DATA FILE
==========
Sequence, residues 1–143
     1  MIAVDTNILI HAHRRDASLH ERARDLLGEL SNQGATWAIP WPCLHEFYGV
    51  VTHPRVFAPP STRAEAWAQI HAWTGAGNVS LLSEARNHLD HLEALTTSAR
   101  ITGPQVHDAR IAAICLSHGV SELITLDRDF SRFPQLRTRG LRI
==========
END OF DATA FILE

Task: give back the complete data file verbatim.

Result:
Sequence, residues 1–143
     1  MIAVDTNILI HAHRRDASLH ERARDLLGEL SNQGATWAIP WPCLHEFYGV
    51  VTHPRVFAPP STRAEAWAQI HAWTGAGNVS LLSEARNHLD HLEALTTSAR
   101  ITGPQVHDAR IAAICLSHGV SELITLDRDF SRFPQLRTRG LRI